by Mike Masnick
Mon, Dec 1st 2008 9:11am
Apparently, intellectual property issues can show up even in the middle of a warzone. It seems that some Finnish officials, reviewing images and videos of the Russian invasion of Georgia earlier this year were somewhat upset to note that Russian military uniforms appeared to have copied Finnish military camouflage design -- which, yes, the Finnish government has legally protected in Europe (found via Open IT Strategies). Finland has decided not to pursue the issue, and Russian officials deny the copying, but it still shows how weird a world we live in when governments are using intellectual property rights to try to protect military camouflage designs.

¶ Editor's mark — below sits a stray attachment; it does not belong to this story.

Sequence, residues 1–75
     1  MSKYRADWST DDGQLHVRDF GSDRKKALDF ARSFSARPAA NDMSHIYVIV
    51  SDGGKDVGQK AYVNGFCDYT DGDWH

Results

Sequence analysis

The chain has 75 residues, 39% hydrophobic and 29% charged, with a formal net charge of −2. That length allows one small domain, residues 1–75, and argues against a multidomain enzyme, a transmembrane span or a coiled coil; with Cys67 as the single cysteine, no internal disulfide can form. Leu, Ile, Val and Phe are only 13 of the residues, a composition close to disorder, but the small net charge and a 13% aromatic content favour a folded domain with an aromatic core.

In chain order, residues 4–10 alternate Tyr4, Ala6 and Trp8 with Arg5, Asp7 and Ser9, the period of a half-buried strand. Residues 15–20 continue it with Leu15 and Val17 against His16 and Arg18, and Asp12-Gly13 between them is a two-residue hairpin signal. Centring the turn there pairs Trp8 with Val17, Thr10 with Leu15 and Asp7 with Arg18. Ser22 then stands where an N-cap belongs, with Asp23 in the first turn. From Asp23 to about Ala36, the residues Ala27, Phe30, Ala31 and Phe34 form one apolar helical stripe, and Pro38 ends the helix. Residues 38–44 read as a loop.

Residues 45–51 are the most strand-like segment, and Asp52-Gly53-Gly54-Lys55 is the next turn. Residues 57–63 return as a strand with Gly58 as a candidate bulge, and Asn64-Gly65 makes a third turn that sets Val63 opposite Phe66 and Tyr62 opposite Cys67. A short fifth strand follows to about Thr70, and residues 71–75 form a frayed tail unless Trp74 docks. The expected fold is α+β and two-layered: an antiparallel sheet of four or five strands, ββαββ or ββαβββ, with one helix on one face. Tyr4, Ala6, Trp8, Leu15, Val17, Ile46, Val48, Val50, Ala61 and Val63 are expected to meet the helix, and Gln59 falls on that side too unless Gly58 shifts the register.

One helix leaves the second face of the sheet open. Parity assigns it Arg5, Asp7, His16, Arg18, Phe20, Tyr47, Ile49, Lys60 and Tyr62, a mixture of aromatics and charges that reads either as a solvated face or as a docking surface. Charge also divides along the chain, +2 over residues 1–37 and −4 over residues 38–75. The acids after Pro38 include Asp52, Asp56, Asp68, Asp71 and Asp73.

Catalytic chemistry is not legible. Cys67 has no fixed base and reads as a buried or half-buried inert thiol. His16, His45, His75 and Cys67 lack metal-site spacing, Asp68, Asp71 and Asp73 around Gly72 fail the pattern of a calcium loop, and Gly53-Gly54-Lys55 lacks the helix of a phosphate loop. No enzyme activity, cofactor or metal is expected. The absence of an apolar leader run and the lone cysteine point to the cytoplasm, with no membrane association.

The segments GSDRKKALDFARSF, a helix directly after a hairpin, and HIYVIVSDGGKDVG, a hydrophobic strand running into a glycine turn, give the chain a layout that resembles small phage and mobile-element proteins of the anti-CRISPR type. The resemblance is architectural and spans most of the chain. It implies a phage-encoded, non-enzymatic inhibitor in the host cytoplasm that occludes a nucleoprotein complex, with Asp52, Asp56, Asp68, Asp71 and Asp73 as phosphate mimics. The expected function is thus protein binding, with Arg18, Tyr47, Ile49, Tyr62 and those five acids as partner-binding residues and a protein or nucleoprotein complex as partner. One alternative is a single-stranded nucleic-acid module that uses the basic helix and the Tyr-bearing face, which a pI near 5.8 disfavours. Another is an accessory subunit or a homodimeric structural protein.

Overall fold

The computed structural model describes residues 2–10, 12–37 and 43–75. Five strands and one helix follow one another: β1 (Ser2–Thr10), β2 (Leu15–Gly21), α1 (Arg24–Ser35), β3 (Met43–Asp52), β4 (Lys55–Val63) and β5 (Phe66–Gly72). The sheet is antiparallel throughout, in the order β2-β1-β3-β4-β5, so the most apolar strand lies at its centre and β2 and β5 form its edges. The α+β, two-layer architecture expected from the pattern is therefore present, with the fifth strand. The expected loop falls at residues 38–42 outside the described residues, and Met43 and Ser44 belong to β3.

If you liked this post, you may also be interested in...
- As CBS/Paramount Continue Lawsuit Over Fan Film, It Releases Ridiculous & Impossible 'Fan Film Guidelines'
- Good News: California Legislature Dumps Stupid Plan To Copyright All Government Works
- Led Zeppelin Wins Copyright Case Over Stairway To Heaven
- Terrible Ruling In Germany: Digitizing The Public Domain Creates New Copyright
- Russia's Problem (According To Russian Politicians): Not Enough Mass Surveillance